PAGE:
Message queues — what are they?
To understand what messaging queues are we first need to understand how services usually communicate with each other. There are synchronous and asynchronous ways of communication. I will try to write about how they both work.
Let’s start with a real world example of two services trying to communicate synchronously.
We have a Todo service that wants to send a request to a Notification service once a todo has been completed. Todo service sends a TCP synchronous request to the notification service.
What synchronous means is that the Todo service has to wait for the Notification service to respond to the request. If Notification service takes a long time to respond the connection potentially becomes dragged out — meaning we get extra latency.
Another problem we could possibly have is if the notification service crashes or fails to respond Todo service might have to retry the request multiple times until the Notification service responds.
From these points you can see that the Todo service is dependant on the behaviour of the Notification service. Therefore the two of them are coupled. Most of the times (not always) that is not a good word to hear in software development. Microservices should be as isolated as possible most of the times.
This is where asynchronous requests come into help.
If the Todo service was to send an asynchronous request instead it would not need to care about the response.
Asynchronous communication is kind of like a milkman distributing the bottles in the morning to your door. He just leaves the bottle and continues on with its work!
In order to understand how asynchronous requests work we need to understand messaging queueing.
From the previous points we can make a conclusion that the Todo service generally does not like to be kept waiting for the Notification service’s response. What can it do instead to make the situation better?
Please leave a message!
Todo service can leave a message into the message queue and go on doing stuff it generally likes (what do services do on their free time anyway though?). It does not need to worry about who actually receives the message.
As the Notification service does not like the Todo service as well it can avoid direct contact with it (during these troubling pandemic times) by picking up the message from the message queue. This way everyone is happy and have tons of free time.
In terms of message queues Todo service is the producer and the Notification service is a consumer.
What problems does this solve?
Services are not tightly coupled
When you start writing API calls from one service to another most often unintentionally you start creating API contracts. This means that services become somewhat coupled to one another.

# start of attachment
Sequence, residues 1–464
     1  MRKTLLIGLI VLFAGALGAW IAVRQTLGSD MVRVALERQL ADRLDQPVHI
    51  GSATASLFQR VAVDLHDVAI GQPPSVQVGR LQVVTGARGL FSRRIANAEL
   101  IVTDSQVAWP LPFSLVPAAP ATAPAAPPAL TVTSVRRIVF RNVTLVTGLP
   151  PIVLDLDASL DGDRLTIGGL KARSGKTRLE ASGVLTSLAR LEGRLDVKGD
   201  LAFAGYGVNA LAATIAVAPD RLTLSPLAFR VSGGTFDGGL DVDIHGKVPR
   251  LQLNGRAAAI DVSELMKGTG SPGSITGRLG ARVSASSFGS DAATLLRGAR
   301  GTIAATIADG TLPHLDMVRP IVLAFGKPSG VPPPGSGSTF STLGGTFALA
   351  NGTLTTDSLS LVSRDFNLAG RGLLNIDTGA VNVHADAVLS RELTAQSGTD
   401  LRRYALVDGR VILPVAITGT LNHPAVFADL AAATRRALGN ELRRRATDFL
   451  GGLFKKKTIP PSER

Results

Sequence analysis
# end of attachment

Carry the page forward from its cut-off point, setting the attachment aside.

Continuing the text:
Queues are beneficial in cases where we can generate more messages than we can actually consume. Consumer bottleneck does not impact the rate at what we generate messages if we use queues.
This is kind of related to the previous point. We can spread the messages to multiple consumers if we want to scale the rate at which we consume the messages. This is called batching.
Although message queues are in general an architectural pattern and I did not want to include and of the implementational examples I have to mention RabbitMQ which is by far the most popular messaging broker.
RabbitMQ is a messaging broker and it has a ton of interesting features altogether with the ones I already mentioned. I will try to mention several of the more interesting ones.
It is a special feature of RabbitMQ.
Let’s say Todo service puts a message in the queue. Notification service picks up the message from the queue and then for some unknown reason crashes. If RabbitMQ is configured with delivery acknowledgement it will expect the consumer to send an acknowledgement message back to the queue.
In this example notification service would fail to do so. In this case RabbitMQ would automatically put that message back to the queue where another consumer would be able to pick it up and acknowledge it.
This adds resilience to message queues.
This allows multiple instances to be joined and setup in a cluster making it highly available. It can be run on top of something like Kubernetes in a cloud.
Management & monitoring
RabbitMQ supports tools like Prometheus so you can monitor your queue from a prometheus instance.
Other popular message brokers worth mentioning
RabbitMQ, Apache Kafka, Redis, Amazon SQS, and Amazon SNS